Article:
Our spring 2017 outreach and distribution intern Marjan Koffa sat down with Michelle Aguilar, MHP’s director of production at MHP, to talk more about Michelle’s background. Get to know our awesome director of production in this blog post that highlights how Michelle got her start in documentary filmmaking, the story behind her short film El Cacao and insights she has for other filmmakers.
Michelle Aguilar has always been interested in documenting and non-fiction films. She grew up in a household that regularly captured family moments. Eventually she bought her own camera, filming family and friends all the time, through which she discovered the beauty and potential in non-fiction storytelling. Michelle attended California Polytechnic State University in San Luis Obispo California and joined the Peace Corps after graduation, where she used film as a medium to connect with local communities and share her experiences in Panama with her family and friends back home.
As Michelle continued her travels after the Peace Corps, she found that filmmaking was a way to not only connect with people, but also empathize with others. She quickly realized, however, that she did not have the technical capabilities to tell the stories she wanted to. Michelle looked into graduate programs that were geared towards social issue documentary and eventually decided to pursue a master's degree in social documentation at the University of California Santa Cruz. The program focused on the technical side of filmmaking as well as the social and ethical implications that come with working on non-fictional films. For her thesis, Michelle created the short film El Cacao, which explores the personal side of cacao production in Latin America by looking into the structure of the Fair Trade labeling system as it relates to indigenous farmers’ work.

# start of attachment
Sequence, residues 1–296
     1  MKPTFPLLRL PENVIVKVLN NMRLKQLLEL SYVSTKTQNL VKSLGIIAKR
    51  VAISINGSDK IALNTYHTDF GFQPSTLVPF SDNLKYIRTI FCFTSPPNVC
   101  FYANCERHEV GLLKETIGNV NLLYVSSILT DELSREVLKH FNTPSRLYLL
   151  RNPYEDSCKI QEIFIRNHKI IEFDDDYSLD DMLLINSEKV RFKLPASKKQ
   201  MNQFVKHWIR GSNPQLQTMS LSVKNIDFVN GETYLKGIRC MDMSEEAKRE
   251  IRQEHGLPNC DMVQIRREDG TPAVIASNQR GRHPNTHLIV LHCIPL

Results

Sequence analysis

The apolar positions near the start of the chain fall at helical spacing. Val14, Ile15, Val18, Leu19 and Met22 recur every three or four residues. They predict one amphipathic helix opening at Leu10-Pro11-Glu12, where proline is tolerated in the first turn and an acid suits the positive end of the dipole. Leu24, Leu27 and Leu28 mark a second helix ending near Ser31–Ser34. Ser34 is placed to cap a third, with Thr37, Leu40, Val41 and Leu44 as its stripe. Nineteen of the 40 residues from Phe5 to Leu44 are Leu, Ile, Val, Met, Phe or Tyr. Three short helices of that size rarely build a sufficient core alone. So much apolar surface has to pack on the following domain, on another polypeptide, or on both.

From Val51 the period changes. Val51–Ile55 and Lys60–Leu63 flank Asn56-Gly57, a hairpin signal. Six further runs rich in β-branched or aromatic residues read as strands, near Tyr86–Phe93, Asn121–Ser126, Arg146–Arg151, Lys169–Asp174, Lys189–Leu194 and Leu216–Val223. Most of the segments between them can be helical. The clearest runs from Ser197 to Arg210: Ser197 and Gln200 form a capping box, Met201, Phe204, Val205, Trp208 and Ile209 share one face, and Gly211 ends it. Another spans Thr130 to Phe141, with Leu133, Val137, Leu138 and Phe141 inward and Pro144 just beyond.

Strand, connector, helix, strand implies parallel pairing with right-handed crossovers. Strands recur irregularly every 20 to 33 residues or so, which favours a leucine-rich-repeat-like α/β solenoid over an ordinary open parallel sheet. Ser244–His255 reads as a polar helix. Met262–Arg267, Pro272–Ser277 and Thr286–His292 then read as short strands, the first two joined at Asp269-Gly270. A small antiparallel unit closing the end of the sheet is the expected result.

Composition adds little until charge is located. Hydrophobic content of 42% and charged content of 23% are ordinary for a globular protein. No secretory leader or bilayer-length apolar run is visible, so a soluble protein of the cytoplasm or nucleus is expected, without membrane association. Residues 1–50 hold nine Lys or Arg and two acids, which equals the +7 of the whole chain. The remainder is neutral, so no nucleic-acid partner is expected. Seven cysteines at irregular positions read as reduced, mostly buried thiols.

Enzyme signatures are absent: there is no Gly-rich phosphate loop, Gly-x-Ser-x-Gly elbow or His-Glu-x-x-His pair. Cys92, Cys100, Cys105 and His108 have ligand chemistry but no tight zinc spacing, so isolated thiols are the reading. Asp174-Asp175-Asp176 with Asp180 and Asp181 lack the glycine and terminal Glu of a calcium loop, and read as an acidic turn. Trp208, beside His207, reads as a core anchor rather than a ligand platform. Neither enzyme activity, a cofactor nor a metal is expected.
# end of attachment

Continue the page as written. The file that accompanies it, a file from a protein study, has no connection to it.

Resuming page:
Michelle says the most rewarding part of being a documentary filmmaker is working closely with participants to share their story and create a piece of art together that will live on as documentation of a certain time and place in history. “I love the idea of dedicating myself to a project or a story over a long period of time,” she says. On the other hand, working on a film as a “one-man-band” for years may lead to burnout because of how lonely the process can be. This desire to be a part of a broader filmmaking community is one of the many reasons Michelle loves working at MHP. She feels that each project MHP decides to take on is something that the team feels strongly about collectively. Michelle also loves working as part of a team of passionate, dedicated storytellers.
Prior to pursuing documentary filmmaking, Michelle says she felt naive about the actual time commitment that goes into making a film. “Now I understand that when you make that choice to pursue a certain project or story, it really becomes a part of your life for a years, so it’s important to make sure it is really something you care about.” When asked about the ethics of documentary filmmaking, Michelle feels that it really comes down to the individual filmmaker’s moral compass. Although there may not be a code of ethics that dictate what is right or wrong in this field, Michelle feels that documentary filmmakers have great responsibility to the story, film participants and audience to tell the story authentically.
Michelle’s advice to me was to learn how to operate as a one-person-band at the beginning. “This way you have all the tools you need to pursue, or at least start, any project,” she says. “In order to have a sustainable career it’s a good idea to choose a technical specialty to master, which may make it easier to make a living in the field.” Michelle also reminded me to remain positive, have a healthy work-life balance, and form a creative “tribe” of people that will encourage you and empathize with you while also providing critical feedback on your work, thus pushing you to become a better filmmaker. She says “After all, we make films for, with and about people and the human experience, try not to loose yourself and that connection too much in the process.”
Marjan Koffa graduated from Catholic University in 2017 And now works as a Production Assistant at National Geographic.